By Connie W. Adams
Holes in the Floor of Heaven
Steve Warriner, a country singer and guitarist, won a CMA award recently for his recording of “Holes in the Floor of Heaven,” a nostalgic piece about departed loved ones who, on special occasions shed tears which leaked through these holes in the form of rain. I must admit I liked it better than songs about drinking and cheating. But Bill Anderson interviewed Steve later and good-naturedly asked how could tears fall down from Heaven when there are not supposed to be any tears in heaven. Good question. “And God shall wipe away all tears from their eyes; and there shall be no more death, neither sorrow, nor crying, neither shall there be any more pain: for the former things have passed away” (Rev. 21:4). The Preacher said of the dead: “Also their love, and their hatred, and their envy, is now perished; neither have they any more a portion for ever in anything that is done under the sun” (Eccl. 9:6). I guess it must be poetic license. At least that is how we explain some of the unscriptural songs we offer in worship to God.
Blue John Preaching
In recent years I have taken to drinking skim milk, something I would never have thought of doing during my younger years. Back then such milk was considered fit only for the pigs. We called it “blue John.” All the good stuff was removed. I believe we have too much blue John preaching. We have extracted anything which might possibly offend or mess up someone’s “self-esteem.” We have deleted doctrinal teaching with any teeth for fear that our denominational friends might get the idea that we think they are wrong and need to change. We have watered sin down to the point where it does not seem so bad after all. We must not be judgmental. Anything but that! Even our nation is divided over whether or not it is as bad to lie under oath about immoral behavior as it would be on other things. There are congregations that have never practiced corrective discipline on the disorderly. Well, maybe we will just leave their name off the next directory. Some discipline! We have had to strip away preaching that identifies error among brethren and goes so far as to name those who have promoted it. I hope you understand that the “we” of this article is used accommodatively and is not meant to indicate that every single preacher has succumbed to “blue john” preaching. Could that be more “poetic license”? By the way, who issues these licenses? “Let your Yea be Yea and your Nay, Nay” (Jas. 5:12).
As Others See Us
A brother in Texas has taken a special liking to me. He regularly consigns me to Hell. He thinks I am some sort of clergyman. Recently I wrote a little piece in this column about preaching in the dark and commented that much of the preaching done these days is in the dark. He wrote me a note that said if I wanted to see a perfect example of one who preaches in the dark, “just look in the mirror.” Critics are good for us. I am blessed.
Paul said of Onesiphorus, “for he oft refreshed me, and was not ashamed of my chain” (2 Tim. 1:16). We get to meet and spend some time with people who truly love the Lord and whose zeal and dedication, often amid great trials in their own lives, indeed refreshes us. For starters, we meet many fine young people who have their heads on straight and are not ashamed of the Lord. Many of these come to our meetings. They have to work after school, late at night, early the next morning, to complete homework assignments. Many of these sit near the front, often in a group, listen attentively, take notes and many of them bring friends. Then we have parents with small children who never miss a time. There are young mothers (and fathers) who cope with restless children whose routine has been interrupted, or are cutting teeth, or who are disturbed for who knows what. Still they come. I have had young mothers say to me: “That sounded good, what little I was able to hear.” Then there are people who have worked late (some starting very early in the day) who come straight to an evening meeting without eating. Others have rushed home just in time to grab something to eat quickly, changed clothes, rushed through traffic, and still manage to stay awake. Then there are the older members whose gait is slow, some with canes or walkers. But you can set your watch by them. They will be there. They not only listen well, but they often say the most encouraging things. Many of them have quick wits and I love to banter with them. They have not given up or given in to the ravages of time. These folks don’t do all this to impress anyone. They would be surprised that a visiting preacher in a meeting would even notice. But in moments of discouragement (even preachers get the blues) these Christians are there to refresh our spirits and make us want to keep on trying. Thank you folks for the refreshments.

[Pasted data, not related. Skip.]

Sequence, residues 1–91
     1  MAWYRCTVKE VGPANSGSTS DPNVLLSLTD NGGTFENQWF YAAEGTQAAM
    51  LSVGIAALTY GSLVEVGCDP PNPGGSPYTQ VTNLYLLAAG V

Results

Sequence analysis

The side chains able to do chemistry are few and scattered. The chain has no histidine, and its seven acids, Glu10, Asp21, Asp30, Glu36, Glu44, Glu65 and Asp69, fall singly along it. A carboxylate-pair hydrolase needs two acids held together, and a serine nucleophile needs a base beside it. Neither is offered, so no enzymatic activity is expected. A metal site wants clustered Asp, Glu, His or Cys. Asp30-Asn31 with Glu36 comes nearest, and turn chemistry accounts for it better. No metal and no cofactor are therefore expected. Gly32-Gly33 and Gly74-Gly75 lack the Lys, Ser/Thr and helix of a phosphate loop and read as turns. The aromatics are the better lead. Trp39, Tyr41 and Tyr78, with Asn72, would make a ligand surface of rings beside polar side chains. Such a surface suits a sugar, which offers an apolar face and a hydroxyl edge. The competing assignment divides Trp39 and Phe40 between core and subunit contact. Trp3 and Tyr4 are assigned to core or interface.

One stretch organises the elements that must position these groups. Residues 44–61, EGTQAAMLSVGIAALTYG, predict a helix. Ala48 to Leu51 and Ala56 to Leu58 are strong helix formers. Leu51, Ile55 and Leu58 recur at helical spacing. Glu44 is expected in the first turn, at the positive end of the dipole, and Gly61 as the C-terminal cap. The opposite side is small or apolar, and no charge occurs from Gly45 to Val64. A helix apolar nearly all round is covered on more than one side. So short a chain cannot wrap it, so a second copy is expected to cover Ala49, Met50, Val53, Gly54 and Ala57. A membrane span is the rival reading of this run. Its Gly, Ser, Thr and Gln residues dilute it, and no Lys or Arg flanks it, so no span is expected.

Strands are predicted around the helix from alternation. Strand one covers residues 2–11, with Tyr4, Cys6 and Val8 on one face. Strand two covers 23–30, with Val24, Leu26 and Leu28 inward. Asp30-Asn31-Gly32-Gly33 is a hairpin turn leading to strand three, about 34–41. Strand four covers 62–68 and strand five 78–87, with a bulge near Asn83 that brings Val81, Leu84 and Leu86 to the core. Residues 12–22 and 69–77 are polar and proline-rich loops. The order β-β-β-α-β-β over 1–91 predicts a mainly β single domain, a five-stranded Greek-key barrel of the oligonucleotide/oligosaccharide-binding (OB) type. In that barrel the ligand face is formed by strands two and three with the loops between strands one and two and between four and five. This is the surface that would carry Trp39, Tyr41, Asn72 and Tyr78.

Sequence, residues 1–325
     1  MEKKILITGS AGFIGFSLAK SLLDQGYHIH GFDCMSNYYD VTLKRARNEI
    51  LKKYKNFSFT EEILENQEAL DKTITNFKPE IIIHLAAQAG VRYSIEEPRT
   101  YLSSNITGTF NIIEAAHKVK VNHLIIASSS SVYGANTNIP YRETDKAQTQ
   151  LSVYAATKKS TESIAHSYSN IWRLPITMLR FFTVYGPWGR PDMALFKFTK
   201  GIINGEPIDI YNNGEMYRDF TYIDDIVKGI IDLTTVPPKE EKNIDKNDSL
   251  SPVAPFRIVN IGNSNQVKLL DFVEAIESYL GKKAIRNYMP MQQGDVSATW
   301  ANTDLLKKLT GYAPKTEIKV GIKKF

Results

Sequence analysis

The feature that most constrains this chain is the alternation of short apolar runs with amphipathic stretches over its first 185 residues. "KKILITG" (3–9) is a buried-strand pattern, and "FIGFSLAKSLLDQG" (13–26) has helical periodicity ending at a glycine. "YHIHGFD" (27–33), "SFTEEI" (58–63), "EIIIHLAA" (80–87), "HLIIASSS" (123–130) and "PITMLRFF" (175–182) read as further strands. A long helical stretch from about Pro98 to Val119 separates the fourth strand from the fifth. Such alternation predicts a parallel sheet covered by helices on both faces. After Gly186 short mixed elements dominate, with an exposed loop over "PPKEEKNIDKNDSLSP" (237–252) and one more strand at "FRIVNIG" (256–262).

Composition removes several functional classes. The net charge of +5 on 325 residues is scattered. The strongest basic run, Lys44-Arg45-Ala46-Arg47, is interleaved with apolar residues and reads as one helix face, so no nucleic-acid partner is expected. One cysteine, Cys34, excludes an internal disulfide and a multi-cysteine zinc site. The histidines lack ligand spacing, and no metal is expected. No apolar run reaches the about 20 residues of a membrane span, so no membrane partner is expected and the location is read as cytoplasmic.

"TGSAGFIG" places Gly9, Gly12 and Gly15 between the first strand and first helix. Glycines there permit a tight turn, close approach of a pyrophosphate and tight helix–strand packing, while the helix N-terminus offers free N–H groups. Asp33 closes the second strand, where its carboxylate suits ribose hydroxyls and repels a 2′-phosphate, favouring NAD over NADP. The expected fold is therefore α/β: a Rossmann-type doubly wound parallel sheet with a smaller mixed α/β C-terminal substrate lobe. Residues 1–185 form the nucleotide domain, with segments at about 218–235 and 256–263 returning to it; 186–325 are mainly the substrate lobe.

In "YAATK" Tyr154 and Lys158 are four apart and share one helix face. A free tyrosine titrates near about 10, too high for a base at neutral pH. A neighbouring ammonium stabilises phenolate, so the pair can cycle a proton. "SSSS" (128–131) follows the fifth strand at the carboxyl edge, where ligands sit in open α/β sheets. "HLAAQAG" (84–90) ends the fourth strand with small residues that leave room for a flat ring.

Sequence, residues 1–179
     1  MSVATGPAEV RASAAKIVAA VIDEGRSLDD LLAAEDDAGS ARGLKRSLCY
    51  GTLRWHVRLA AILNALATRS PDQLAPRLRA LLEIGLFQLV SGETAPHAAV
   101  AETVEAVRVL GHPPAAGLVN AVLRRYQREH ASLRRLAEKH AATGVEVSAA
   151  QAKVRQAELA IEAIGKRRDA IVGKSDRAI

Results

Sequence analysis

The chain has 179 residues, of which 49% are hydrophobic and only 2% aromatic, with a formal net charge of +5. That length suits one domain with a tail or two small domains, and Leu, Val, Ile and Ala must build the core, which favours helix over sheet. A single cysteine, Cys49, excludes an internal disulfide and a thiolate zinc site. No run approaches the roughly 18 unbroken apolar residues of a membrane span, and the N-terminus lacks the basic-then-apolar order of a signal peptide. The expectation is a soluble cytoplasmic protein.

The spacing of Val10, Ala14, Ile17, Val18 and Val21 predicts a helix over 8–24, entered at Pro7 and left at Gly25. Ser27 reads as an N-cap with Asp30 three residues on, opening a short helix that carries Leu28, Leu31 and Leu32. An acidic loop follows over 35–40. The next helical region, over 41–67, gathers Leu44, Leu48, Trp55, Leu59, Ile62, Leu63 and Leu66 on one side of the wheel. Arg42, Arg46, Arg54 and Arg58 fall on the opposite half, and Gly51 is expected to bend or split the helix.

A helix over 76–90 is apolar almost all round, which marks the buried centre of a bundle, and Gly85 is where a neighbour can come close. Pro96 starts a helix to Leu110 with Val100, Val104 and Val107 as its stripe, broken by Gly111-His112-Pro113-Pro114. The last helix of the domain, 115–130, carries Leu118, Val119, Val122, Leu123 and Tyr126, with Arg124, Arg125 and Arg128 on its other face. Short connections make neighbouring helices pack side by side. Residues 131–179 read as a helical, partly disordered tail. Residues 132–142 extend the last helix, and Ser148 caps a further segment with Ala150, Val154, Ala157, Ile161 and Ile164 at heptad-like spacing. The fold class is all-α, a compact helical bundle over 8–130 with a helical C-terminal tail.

An Interesting Event
Recently, while in a meeting at Mooresville, Indiana, Bill Cavender was also in a meeting the same week at Lafayette Heights in Indianapolis. They asked brother Cavender and me to speak and briefly review our experiences in preaching and impressions of the present state of affairs as we see them. They advertised this as “Over 100 Years of Gospel Preaching.” Brother Cavender has been at it for 52 years and I am now in my 53rd year of trying to declare the unsearchable riches of Christ. Our experiences have often run along parallel lines and our assessment of the present state of affairs is very much alike. After both of us spoke, we fielded questions for about an hour. We had a good turnout with good interest and good questions. A number of preachers and elders and their wives, along with others were present.